Sunday, June 19, 2011

An Accesory Rail for the Haenel 303-Super Part 2

Almost done. The last test fit provided the mounting screw locations for the rail. Scrounged up a couple #8(?) stainless steel wood screws then center punched the rail.

A scrap piece of aluminum channel was used as a backer. This keeps the hole from burring on the bottom of the drilled piece when the bit punches through.

Like so.

No burs. Can see the radii filed into the ends of the rail.

My countersinks were too wide to fit into the top of the channel, so a drill bit was re-pointed to match the taper of the screw heads.

Need to drill the stock.

A transfer punch to mark pilot hole locations.

Just left the rail in place and drilled through.

Screwed down the rear of the rail then drilled the front pilot hole. Took absolutely no chance of the rail walking in the slot.

The visible face of the rail has a few stray scratch marks from the drill press table.

Some 500 grit emery paper wet with WD40 gave a nice satin finish. Cleaned up that half-round forward edge as well.

Before running the screws home a final time, I coated the threads with beeswax.

The wax reduces the torque needed to seat the screws, helps seal the wood and acts as a thread lock.

A few rail accessories. An Anschutz palm rest, an old Uncle Mike's (?) anatomic hand stop, and a basic hand stop/sling swivel.

Too much. Massive overkill for such an otherwise light rifle. Save this for the LG-380. Somebody should clean off his workbench... Wait--that IS clean.

The basic hand stop is about right for this gun. Gives a sling attachment point and a consistent and repeatable hand position.

The rail allows the hand stop to be positioned fore and aft to fit the shooter's preferred location for the offhand.

Probably stick with this one. It's at least a couple decades old. Think it's an Uncle Mike's.

Grab the forend and slide your hand forward until the web of your hand between the thumb and forefinger is against the rear of the hand stop. Doesn't feel quite right? Move the hand stop fore/aft and lock it back down until the balance point suits.

Gotta look around for the next project. Surely, there's something around here that needs some attention.

An Accessory Rail for the Haenel 303-Super Part 1

One of the final things I wanted to undertake with the Haenel 303-Super was inletting and adding an accessory rail under the forend. An accessory rail is basically a T-track and it's handy for attaching slings, hand stops, palm rests, bipods and what-not as shooting aides. Yep, should've considered this when refinishing the stock. But it's not like I have a plan here.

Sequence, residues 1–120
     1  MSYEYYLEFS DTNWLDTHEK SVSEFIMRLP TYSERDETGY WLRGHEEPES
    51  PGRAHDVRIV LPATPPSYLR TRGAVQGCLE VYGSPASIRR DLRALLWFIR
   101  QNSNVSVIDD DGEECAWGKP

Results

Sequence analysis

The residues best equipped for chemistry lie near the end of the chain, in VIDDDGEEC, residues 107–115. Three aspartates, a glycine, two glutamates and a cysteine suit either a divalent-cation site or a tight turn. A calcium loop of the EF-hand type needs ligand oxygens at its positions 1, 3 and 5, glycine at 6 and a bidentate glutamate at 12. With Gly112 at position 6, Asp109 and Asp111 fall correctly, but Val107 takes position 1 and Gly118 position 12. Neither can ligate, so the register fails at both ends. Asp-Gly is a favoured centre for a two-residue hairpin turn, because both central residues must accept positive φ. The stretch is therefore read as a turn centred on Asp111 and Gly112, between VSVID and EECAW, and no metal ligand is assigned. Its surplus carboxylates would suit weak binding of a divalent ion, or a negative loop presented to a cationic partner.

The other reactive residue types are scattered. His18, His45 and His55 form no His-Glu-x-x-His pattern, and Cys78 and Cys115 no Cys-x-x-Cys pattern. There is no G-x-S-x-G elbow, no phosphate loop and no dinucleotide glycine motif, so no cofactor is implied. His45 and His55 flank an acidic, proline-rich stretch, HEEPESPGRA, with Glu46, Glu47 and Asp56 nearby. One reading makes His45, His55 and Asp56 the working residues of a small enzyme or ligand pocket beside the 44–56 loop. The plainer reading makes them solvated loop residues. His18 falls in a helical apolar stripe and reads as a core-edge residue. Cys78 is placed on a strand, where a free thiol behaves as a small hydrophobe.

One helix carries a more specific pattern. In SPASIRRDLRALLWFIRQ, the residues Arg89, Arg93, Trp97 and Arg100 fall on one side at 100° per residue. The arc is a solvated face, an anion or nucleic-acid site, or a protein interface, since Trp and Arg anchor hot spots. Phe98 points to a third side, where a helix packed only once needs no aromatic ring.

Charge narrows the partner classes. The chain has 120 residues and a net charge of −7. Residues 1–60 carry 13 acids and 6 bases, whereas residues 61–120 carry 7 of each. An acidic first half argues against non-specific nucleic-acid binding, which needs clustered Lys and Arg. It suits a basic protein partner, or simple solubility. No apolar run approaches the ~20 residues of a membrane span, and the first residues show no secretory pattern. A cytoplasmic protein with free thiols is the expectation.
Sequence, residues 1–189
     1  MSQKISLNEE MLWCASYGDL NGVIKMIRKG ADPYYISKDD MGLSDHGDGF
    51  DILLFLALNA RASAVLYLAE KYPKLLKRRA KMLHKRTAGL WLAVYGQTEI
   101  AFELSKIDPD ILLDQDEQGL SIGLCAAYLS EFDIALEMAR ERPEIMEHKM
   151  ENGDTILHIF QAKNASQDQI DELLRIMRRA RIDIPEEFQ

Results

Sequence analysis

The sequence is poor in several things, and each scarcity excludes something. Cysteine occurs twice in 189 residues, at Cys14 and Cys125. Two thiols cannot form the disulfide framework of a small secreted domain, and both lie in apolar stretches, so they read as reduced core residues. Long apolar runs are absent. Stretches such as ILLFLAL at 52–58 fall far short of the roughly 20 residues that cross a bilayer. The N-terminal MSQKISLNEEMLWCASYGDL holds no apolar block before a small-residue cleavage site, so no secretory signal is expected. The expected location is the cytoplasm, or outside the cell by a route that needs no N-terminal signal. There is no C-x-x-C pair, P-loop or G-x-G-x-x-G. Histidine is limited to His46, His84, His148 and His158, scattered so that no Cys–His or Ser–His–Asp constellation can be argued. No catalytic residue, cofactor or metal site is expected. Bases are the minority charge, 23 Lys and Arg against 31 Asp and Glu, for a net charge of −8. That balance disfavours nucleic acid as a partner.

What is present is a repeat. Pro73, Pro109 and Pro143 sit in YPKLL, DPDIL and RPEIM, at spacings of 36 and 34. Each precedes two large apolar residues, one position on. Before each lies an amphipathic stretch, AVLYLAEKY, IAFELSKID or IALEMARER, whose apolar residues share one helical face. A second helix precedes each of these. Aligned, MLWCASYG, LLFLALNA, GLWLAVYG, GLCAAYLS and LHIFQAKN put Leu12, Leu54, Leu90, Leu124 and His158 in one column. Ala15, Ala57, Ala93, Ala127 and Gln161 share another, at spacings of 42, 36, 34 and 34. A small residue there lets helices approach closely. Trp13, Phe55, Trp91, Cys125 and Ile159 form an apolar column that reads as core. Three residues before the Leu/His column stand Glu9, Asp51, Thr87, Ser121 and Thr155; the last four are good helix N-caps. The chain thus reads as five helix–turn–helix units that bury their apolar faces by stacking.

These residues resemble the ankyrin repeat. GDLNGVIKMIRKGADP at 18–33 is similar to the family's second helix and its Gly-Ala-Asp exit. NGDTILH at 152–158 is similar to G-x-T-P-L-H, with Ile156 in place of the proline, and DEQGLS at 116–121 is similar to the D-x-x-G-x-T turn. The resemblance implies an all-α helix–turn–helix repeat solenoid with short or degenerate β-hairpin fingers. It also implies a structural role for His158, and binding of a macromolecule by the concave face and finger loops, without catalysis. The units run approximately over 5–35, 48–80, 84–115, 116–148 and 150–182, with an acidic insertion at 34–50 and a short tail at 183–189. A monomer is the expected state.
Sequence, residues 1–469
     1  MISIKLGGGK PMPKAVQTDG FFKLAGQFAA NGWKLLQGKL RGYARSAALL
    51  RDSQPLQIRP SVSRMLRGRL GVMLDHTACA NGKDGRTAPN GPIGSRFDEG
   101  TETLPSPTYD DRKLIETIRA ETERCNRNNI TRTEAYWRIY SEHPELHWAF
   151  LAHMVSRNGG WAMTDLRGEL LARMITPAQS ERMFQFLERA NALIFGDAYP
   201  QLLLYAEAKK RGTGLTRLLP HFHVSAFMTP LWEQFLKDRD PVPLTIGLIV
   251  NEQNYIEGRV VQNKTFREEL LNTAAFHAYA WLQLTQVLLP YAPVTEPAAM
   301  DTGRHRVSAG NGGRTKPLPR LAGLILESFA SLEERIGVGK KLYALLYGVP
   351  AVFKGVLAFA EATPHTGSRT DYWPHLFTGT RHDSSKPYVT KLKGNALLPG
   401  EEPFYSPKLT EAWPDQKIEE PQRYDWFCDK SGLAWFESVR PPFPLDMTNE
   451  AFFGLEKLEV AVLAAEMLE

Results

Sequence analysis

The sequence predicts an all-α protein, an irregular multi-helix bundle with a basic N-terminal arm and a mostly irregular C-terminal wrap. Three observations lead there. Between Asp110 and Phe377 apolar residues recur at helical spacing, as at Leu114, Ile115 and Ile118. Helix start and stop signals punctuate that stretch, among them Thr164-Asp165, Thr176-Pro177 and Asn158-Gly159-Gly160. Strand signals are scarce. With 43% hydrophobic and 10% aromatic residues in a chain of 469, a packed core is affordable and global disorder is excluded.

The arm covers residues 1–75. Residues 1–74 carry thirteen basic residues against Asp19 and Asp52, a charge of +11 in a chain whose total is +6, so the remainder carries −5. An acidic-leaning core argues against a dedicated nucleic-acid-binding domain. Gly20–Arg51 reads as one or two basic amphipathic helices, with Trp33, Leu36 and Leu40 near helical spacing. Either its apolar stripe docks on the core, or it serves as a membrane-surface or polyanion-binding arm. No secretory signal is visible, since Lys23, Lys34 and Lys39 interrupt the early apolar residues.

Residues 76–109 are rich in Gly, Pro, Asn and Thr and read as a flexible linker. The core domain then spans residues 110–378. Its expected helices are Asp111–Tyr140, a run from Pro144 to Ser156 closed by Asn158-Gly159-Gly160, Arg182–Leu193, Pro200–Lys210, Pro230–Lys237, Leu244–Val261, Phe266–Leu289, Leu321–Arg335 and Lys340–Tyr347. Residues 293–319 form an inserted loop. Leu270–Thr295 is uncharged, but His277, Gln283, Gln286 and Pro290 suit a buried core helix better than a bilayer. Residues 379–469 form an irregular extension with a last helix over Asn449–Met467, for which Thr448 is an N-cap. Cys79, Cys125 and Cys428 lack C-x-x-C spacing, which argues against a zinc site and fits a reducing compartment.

Anyway, I bought a piece of Euro-sized accessory rail from Champion Shooters Supply a while back but was reluctant to do the install. Figured I'd screw up a virtually irreplaceable vintage stock. The slot wouldn't be straight, the edge would tear out, the slot wouldn't be parallel... Or most likely, all of the aforementioned would occur simultaneously. Valid concerns that gave me great pause. Other considerations included what to use to actually cut the slot, as well as how to do the least amount of finish damage to the gun stock. The good news was the Haenel's blocky profile and deep forend provided generous wood depth to work with. The blocky shape proved to be key. Both the sides and top of the stock have zero taper--so those edges could be used as a cutting guide.

Opted to use the drill press instead of a router for some sick reason Made a simple fence to bolt to the drill press table. The cherry base and white oak for the fence were chosen because they were on hand and dead flat. I screwed them together taking care the edges met at 90-degree angles. Two counter bored holes for through bolts lined up with the drill press table slots for positioning.

OK, the plan: The stock will be pressed down against the bed and back against the fence slightly as it's fed into the cutter. Moving the fence on the table lines up the bit to cut a parallel slot. I'll make slightly overlapping parallel slots until I have one large slot of the correct length, width, and depth for the rail. Piece of cake. Hmmmm. Did I mention that the stock is vintage and probably irreplaceable?

Gave the fence a heavy coat of paste wax to hopefully protect the stock from scratches. Found some scrap black walnut and made multiple test slots. Then made some more. It'll take multiple passes to get the width correct. Called it a night and slept on it.

A couple days later, I screwed up my courage, pulled the action from the stock and dusted off the rail.

Traced the rail onto the stock as guidelines. Set the depth. Waxed the fence again.

Switched from a 1/2" router bit to a smaller 1/4" as it worked marginally better during the test cuts. Double checked everything. Pondered, then flipped the switch.

Ran the bit at the highest speed and took my sweet time. Slowly make a pass, stop, readjust the fence to widen the slot slightly, cut, readjust...

Took a while to get the width dead on--and centered.

Dust blown out.

Deep breath for the test fit. The rail went in nice and snug. Not a hint of a gap at any point along the sides. Happily, the stock finish also fared well with zero damage to the sides. A couple small marks on top to repair, but nothing difficult.

Filed the back edge of the rail to fit the rear of the slot.

Cut the front to length and fit with a file. Sort of a half round radius on the front. Want to stain the slot ebony to protect and match the surrounding wood and those two very small scrapes to fix on the top of the stock need some Tru-Oil.

Just need to attach the rail then find some cool accessories.

I'll finish this in a couple days.